"KDE dialog has a check box which offers to "keep the password" but it doesn't seem to have any effect."

This is strange.

"3. The PBI should have an option to install software system wide or on a per user basis. This suggestion might seem strange but in a multi-user environment, it is not possible to hand over the root password to every one."

The author seems to have an idea why there is a difference between the system user(s) and the system administrator. The last one mentioned is the person with the rights to install software. The user usually is not. But I can follow his mind, today's users are system administrators (or seem to be / should be). So it would be imaginable to have a path beneath $HOME added to the $PATH where PBI packages local to the user could be installed and executed.

"And if a user wants to try out a software by downloading the PBI, he should be allowed to install it in his home directory if he cannot enter the root password."

And he should be able to have malware and spyware installed automatically, yeah, we all know where this thoughts lead to... :-)

"4. The PBI should also support execution from the command line. This is not a must have feature but it can be convenient to execute and install a PBI package in certain situations where you have booted into console mode."

This feature could be useful where the system administrator uses SSH or a console to do maintenance operations to a system. Something like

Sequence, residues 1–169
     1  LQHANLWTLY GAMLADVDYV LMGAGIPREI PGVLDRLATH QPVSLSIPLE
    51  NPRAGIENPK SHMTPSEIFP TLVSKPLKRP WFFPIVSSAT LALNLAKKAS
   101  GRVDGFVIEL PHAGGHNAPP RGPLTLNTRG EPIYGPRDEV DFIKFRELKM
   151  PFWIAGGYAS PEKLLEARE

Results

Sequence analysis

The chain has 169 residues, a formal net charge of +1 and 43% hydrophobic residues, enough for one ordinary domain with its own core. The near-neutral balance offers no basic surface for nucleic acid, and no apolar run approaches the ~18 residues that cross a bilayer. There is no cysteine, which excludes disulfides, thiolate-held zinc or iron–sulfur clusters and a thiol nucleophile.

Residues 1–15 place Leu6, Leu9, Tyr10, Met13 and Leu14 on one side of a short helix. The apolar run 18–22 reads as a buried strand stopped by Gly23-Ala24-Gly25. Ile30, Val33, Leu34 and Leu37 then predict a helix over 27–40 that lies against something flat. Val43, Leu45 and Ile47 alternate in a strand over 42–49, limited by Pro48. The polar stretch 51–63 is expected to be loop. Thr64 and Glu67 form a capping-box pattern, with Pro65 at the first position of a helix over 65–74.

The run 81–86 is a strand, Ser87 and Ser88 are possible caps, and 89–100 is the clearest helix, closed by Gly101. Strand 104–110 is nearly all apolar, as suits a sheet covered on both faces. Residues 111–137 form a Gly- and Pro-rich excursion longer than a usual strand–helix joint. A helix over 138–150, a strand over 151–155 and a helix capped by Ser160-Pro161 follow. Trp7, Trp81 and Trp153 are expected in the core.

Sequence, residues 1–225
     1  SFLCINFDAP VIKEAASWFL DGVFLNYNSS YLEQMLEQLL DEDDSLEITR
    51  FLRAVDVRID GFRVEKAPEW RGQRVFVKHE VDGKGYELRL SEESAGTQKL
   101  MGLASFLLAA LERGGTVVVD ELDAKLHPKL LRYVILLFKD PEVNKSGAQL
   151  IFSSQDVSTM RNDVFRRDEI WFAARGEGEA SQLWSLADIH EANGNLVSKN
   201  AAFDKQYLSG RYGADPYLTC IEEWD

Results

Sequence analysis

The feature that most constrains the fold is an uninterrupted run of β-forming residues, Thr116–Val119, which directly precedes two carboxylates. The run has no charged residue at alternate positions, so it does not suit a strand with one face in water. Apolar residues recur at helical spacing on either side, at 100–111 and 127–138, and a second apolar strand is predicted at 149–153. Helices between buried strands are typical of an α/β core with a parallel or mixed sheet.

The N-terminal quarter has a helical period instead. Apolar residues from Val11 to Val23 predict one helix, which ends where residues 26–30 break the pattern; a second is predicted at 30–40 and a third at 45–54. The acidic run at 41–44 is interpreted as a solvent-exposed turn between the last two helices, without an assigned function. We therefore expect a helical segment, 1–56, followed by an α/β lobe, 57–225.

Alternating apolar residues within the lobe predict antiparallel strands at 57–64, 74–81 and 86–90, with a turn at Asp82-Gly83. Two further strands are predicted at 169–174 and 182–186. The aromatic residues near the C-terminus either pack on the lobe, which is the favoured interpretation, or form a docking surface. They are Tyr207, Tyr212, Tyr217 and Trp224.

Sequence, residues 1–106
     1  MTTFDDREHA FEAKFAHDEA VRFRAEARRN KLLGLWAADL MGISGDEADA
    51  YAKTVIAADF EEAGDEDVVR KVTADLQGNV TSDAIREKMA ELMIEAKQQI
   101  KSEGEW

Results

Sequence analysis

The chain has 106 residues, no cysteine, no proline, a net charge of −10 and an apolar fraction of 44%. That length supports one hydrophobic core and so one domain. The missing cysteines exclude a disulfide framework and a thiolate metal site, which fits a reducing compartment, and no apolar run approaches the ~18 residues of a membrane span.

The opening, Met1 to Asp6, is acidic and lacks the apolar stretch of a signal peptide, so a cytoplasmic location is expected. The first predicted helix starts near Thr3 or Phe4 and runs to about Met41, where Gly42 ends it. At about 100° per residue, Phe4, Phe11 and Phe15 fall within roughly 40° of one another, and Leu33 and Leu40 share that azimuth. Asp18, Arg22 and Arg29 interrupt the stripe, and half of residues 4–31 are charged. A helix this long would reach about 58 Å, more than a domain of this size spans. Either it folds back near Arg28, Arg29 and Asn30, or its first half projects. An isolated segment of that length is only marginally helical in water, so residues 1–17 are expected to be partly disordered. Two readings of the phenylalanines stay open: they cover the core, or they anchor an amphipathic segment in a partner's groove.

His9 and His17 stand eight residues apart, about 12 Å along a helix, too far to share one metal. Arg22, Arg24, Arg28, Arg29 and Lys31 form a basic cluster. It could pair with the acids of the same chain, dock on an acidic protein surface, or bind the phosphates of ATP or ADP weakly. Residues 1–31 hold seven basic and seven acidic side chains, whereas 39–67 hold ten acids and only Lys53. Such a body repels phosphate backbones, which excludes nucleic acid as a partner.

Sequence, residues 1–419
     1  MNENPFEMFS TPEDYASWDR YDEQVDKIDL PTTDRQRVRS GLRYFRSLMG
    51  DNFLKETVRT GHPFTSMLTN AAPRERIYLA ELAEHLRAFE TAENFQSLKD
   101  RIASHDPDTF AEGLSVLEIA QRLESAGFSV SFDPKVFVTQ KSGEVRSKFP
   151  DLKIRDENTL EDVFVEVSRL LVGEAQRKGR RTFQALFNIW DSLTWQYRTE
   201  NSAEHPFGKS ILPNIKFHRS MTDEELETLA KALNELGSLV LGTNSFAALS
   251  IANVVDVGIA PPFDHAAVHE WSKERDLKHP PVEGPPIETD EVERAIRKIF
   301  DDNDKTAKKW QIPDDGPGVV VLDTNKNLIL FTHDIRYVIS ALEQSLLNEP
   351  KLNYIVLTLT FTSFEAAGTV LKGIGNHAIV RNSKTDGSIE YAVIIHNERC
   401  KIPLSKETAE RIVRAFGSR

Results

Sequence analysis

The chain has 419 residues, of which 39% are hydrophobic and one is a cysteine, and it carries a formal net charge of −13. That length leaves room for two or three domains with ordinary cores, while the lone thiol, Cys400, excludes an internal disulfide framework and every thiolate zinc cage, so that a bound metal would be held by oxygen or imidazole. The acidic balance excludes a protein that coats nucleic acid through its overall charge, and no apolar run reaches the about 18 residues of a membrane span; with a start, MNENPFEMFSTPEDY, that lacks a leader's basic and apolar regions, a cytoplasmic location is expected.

# pbi_add k3b

could be a nice feature, I agree here.

"5. It would be nice to have a GUI front-end which allows a lay person to write custom firewall rules for PF."

There are many, just to mention the standard KDE text editor, even the X-Terminal running ee serves this purpose. People who create PF settings are usually smart enough to use these tools. :-)

Reply Parent Score: 5

RE[2]: I love PC-BSD
by Chuck Norris on Tue 22nd May 2007 23:17 in reply to "RE: I love PC-BSD"
Chuck Norris Member since:
2007-03-24

You seem to know a little bit about PC-BSD but not enought though...

You pay comfort with hard disk usage

No. The disk usage that additional libraries occupy is close to none. Try to install a PBI, and a package and compare. There are cases where it is the opposite (ie: the installed Apache PBI uses less space than the package).

I agree that the root password should be asked only once, with a time out such as a 15min or 13min time out. Who wants to type 10x his password in a minute?

Not letting the user install his own software because of malware is a myth. He will always be able to find some applications that can be extracted and run from his /home directory. If you search enough, you'll find them. Making it official and allowing a user to install a PBI in his own directory is a good idea. If he install malware, at least it will not have root privileges.

You can already install a PBI in text mode.

If you think using vi or ee is a solution to edit the rules of your firewall, then ask Windows users to use Notepad to edit the Windows firewall exceptions. Nice.

You shouldn't have to know the PF synthax by heart to add firewall exceptions. With such a closed mentality, the linux desktop won't go very far.

Reply Parent Score: 4

RE[3]: I love PC-BSD
by Doc Pain on Wed 23rd May 2007 00:29 in reply to "RE[2]: I love PC-BSD"
Doc Pain Member since:
2006-10-08

"You seem to know a little bit about PC-BSD but not enought though..."